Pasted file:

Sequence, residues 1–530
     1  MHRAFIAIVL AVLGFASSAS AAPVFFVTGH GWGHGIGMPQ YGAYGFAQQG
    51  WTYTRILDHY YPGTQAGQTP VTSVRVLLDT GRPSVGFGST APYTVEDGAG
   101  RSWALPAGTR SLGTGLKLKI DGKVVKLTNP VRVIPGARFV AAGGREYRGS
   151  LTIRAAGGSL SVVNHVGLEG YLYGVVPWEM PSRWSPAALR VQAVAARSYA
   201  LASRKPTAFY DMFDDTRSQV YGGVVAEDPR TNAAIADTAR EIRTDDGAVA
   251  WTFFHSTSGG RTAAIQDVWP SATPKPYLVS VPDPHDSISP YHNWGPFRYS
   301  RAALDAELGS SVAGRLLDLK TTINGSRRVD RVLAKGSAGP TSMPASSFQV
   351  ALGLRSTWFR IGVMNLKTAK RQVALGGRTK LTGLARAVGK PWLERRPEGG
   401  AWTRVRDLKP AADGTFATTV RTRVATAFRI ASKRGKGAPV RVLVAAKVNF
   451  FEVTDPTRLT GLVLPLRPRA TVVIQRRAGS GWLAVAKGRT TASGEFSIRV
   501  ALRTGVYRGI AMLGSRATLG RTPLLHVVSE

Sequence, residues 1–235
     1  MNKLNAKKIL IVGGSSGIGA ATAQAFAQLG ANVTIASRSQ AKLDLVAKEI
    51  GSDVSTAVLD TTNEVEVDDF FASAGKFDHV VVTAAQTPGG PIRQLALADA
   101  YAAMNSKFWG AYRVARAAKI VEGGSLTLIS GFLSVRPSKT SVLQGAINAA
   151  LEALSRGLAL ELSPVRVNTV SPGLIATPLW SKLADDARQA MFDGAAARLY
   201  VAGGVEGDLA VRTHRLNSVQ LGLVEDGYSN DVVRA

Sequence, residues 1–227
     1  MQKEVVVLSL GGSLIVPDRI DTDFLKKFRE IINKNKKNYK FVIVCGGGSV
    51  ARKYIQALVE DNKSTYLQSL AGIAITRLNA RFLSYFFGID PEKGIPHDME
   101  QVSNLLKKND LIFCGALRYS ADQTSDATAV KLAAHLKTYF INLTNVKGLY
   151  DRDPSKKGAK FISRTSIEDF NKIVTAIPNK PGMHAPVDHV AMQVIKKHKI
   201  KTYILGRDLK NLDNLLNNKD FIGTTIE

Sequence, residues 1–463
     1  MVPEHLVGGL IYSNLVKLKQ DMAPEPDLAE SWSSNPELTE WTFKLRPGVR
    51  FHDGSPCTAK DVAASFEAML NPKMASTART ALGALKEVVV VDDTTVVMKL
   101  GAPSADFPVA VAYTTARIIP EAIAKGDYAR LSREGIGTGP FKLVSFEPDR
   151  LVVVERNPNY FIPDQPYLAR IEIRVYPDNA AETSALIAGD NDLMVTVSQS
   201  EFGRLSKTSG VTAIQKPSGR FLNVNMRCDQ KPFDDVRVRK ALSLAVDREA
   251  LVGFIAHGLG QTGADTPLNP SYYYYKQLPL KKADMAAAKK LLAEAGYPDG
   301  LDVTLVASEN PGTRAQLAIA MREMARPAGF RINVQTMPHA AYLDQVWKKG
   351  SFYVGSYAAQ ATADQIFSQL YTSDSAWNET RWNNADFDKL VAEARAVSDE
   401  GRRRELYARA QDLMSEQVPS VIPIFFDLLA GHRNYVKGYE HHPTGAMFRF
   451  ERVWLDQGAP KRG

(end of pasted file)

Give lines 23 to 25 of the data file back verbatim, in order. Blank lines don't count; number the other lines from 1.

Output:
   151  DRDPSKKGAK FISRTSIEDF NKIVTAIPNK PGMHAPVDHV AMQVIKKHKI
   201  KTYILGRDLK NLDNLLNNKD FIGTTIE

Sequence, residues 1–463